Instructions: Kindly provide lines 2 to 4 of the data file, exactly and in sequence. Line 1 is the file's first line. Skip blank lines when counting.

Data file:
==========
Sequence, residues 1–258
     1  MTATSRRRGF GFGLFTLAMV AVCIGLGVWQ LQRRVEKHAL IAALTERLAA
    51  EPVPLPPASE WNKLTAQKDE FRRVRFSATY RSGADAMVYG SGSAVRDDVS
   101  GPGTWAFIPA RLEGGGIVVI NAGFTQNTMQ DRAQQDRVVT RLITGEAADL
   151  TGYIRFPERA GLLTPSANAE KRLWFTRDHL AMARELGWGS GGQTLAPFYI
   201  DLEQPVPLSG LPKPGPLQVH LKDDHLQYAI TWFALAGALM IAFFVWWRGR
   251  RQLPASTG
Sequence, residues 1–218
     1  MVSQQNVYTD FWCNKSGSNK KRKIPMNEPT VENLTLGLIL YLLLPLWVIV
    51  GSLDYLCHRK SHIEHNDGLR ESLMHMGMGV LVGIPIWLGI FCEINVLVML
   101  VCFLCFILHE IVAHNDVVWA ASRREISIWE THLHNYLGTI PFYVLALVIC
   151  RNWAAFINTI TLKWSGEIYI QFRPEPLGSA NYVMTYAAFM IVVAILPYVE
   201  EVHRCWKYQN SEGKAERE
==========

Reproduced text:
     1  MTATSRRRGF GFGLFTLAMV AVCIGLGVWQ LQRRVEKHAL IAALTERLAA
    51  EPVPLPPASE WNKLTAQKDE FRRVRFSATY RSGADAMVYG SGSAVRDDVS
   101  GPGTWAFIPA RLEGGGIVVI NAGFTQNTMQ DRAQQDRVVT RLITGEAADL